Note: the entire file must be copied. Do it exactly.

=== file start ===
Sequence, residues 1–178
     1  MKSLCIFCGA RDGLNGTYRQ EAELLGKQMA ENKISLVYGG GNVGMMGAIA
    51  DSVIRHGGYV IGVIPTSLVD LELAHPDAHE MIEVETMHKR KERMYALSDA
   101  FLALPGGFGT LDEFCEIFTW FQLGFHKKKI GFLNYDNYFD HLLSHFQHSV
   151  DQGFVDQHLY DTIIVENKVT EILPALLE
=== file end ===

Sequence, residues 1–178
     1  MKSLCIFCGA RDGLNGTYRQ EAELLGKQMA ENKISLVYGG GNVGMMGAIA
    51  DSVIRHGGYV IGVIPTSLVD LELAHPDAHE MIEVETMHKR KERMYALSDA
   101  FLALPGGFGT LDEFCEIFTW FQLGFHKKKI GFLNYDNYFD HLLSHFQHSV
   151  DQGFVDQHLY DTIIVENKVT EILPALLE